"He´s an intellectual," says Weller of the living inspiration for both the film and the character he plays in it, William Lee. "He´s also an outsider - the ultimate disobedient. Not so much a rebel, but definitely on the outside. The film is about a guy who comes to find out who he is. He finds out he´s a junkie. He finds out he´s homosexual. You know, Burroughs killed his wife. By accident. And he was forever trying to purge himself of that act. Burroughs´ life was no day at the beach."

If not a day at the beach, then how about a couple of hours in a darkened movie theater?

If nothing else, the movie will open big. It is already one of the most eagerly anticipated films of the year, particularly among fans of the book (whether or not they actually read it) and the ever-expanding Cronenberg cult.

The curiosity factor, even during production, is unprecedented, heightened by the incredible secrecy under which it was filmed.

The Naked Lunch set was closed to outsiders until the very last week of production, and even then opened only to selected press, who were allowed only limited access.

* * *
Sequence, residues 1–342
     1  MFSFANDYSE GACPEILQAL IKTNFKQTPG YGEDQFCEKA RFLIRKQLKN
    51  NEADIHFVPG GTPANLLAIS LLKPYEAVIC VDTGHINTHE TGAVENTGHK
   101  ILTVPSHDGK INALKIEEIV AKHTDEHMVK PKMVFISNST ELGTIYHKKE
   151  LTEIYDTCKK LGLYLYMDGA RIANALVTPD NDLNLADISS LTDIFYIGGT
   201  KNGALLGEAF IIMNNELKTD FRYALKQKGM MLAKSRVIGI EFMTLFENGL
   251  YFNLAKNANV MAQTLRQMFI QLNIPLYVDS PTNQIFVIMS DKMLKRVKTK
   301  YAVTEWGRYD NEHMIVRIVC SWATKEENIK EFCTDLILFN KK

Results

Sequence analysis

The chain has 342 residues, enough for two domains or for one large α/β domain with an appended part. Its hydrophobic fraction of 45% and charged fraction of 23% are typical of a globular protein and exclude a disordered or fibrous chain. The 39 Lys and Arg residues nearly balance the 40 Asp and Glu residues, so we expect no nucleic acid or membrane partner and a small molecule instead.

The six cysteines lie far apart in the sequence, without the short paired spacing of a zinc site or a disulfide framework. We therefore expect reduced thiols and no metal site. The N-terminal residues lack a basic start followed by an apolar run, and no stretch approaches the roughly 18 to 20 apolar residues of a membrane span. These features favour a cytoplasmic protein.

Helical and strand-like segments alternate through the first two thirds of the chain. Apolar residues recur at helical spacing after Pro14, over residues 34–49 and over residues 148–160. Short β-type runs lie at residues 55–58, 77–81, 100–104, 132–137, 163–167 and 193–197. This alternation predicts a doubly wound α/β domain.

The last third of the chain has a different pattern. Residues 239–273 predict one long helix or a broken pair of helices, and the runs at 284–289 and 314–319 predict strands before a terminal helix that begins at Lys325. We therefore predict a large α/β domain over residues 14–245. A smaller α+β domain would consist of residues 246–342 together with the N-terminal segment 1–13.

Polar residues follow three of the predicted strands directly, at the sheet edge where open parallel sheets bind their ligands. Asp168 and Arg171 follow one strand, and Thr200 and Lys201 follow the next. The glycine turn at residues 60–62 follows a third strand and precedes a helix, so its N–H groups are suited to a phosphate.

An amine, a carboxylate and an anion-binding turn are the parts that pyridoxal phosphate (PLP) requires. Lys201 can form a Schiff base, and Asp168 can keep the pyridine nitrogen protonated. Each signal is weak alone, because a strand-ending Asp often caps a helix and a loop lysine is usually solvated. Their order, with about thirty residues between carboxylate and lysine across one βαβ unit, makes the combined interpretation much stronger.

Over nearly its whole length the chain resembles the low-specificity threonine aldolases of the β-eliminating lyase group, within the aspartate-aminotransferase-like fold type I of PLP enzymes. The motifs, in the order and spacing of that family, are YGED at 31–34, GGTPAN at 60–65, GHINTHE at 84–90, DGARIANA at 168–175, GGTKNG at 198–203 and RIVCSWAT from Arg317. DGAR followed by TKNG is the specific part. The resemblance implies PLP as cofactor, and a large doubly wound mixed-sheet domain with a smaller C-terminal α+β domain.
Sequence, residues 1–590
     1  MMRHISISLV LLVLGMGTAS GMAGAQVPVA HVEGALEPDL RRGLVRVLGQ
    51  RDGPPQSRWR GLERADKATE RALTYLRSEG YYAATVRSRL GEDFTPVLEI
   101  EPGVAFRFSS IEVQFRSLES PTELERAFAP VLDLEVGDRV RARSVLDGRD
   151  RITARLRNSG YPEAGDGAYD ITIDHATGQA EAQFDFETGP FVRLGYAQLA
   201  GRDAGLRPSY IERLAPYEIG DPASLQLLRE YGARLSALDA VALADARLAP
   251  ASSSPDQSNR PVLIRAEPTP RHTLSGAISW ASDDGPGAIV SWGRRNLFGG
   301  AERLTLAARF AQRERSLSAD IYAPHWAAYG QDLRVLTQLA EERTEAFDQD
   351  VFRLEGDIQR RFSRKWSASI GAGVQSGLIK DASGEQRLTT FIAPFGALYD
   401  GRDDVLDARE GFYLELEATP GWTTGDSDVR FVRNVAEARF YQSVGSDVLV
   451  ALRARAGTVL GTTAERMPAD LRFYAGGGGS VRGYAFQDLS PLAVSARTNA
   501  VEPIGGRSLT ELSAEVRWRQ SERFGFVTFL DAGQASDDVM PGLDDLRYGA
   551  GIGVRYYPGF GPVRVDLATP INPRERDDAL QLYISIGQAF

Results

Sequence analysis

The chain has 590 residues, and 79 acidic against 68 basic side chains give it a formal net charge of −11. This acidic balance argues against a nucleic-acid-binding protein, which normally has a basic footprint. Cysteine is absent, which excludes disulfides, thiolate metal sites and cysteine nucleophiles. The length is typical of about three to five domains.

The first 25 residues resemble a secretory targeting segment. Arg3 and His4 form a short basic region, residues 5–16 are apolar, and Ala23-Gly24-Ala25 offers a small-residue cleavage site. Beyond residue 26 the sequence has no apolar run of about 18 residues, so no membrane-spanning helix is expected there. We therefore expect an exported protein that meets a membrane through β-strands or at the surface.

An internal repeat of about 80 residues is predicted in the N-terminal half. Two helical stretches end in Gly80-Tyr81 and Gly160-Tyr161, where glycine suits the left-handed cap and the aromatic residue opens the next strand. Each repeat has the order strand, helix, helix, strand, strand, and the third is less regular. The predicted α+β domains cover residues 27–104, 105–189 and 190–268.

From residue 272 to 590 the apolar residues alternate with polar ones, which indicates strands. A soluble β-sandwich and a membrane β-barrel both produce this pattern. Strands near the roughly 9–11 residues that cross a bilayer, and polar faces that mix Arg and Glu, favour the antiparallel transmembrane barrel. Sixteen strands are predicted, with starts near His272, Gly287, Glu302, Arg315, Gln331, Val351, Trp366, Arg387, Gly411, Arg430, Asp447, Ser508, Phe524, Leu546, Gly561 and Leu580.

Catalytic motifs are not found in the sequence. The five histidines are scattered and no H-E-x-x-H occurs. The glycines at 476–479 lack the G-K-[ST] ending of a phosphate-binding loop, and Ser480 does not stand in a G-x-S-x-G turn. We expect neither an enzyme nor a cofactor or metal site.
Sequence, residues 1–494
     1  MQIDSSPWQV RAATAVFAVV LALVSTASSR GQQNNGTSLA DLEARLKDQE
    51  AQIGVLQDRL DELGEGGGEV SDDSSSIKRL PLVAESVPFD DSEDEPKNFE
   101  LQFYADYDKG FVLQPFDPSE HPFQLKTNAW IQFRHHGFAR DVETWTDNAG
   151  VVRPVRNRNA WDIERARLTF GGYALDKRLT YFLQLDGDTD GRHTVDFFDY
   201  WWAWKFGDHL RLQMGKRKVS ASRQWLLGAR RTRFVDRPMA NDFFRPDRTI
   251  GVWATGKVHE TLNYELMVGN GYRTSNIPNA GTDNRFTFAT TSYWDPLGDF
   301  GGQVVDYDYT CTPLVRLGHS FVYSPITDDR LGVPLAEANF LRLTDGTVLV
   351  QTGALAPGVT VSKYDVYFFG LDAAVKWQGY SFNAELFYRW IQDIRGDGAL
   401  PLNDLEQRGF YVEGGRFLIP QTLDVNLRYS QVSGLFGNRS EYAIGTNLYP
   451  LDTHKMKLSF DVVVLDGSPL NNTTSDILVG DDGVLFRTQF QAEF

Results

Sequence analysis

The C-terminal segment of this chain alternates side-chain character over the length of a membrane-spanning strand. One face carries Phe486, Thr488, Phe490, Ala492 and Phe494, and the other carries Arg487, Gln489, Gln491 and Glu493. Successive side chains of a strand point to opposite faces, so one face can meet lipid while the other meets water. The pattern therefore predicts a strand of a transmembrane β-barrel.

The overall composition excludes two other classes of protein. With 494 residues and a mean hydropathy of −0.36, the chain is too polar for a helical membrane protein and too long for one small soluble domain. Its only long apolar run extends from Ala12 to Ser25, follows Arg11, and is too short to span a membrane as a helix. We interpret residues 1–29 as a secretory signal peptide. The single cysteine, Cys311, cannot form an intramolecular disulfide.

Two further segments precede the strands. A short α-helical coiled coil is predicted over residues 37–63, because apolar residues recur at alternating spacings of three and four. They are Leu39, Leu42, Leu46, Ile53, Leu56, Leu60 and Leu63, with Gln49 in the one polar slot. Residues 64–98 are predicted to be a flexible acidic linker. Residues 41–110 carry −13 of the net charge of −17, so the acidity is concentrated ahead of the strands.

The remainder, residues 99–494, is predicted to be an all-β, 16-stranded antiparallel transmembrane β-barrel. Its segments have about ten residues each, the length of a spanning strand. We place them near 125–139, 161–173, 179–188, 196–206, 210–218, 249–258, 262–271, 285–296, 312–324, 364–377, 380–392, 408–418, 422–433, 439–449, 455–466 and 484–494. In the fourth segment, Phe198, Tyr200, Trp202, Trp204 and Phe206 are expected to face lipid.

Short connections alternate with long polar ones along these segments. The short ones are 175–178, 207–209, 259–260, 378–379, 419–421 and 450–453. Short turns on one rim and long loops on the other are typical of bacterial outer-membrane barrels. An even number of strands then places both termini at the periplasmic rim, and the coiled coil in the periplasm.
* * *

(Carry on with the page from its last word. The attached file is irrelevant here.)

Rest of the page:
No Cronenberg interviews. No photos. Very few story details. And not so much a glimpse at any of the film´s elaborate special effects.

I was able to determine that most of these effects involve surreal fantasy creatures - crawling "mugwumps," leaping "sex blobs," typewriters that metamorphose into monsters - some of which required up to 15 puppeteers to animate.

These creatures, along with a number of similarly strange humans (played by the likes of Judy Davis, Ian Holm, Julian Sands and Roy Schneider), exist only in a fantastic nightmare dimension called Interzone, a "sinister, hallucinogenic world of cruel pleasures and desires ... where nothing is true and everything is permitted."

And Interzone exists only in the tortured mind of William Lee and, as a movie set, inside an old, abandoned factory in east-end Toronto (a three-week location shoot in Tangiers was also planned, but was preempted by the Persian Gulf War, resulting in an extensive, last-minute rewrite that Cronenberg, in retrospect, feels actually improved the film).

There is no easy way to describe the Interzone set. But if you were to take an authentic Moroccan market (complete with 700 tons of authentic imported sand), shove it under an authentic-looking New York pier, then cram the whole thing into one large, musty old building and crank up the smoke machines..., well, actually, that´s exactly what they did.

And then they brought in hundreds of appropriately ethnic extras and a small menagerie of appropriately unhealthy animals - camels, donkeys, sheeps, goats.